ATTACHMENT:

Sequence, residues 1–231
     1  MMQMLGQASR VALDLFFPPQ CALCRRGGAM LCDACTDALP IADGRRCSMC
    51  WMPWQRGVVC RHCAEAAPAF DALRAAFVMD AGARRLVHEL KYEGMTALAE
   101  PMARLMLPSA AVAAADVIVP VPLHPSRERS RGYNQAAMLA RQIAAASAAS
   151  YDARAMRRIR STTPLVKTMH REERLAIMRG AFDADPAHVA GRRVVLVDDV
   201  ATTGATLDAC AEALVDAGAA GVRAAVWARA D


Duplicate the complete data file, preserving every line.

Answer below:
Sequence, residues 1–231
     1  MMQMLGQASR VALDLFFPPQ CALCRRGGAM LCDACTDALP IADGRRCSMC
    51  WMPWQRGVVC RHCAEAAPAF DALRAAFVMD AGARRLVHEL KYEGMTALAE
   101  PMARLMLPSA AVAAADVIVP VPLHPSRERS RGYNQAAMLA RQIAAASAAS
   151  YDARAMRRIR STTPLVKTMH REERLAIMRG AFDADPAHVA GRRVVLVDDV
   201  ATTGATLDAC AEALVDAGAA GVRAAVWARA D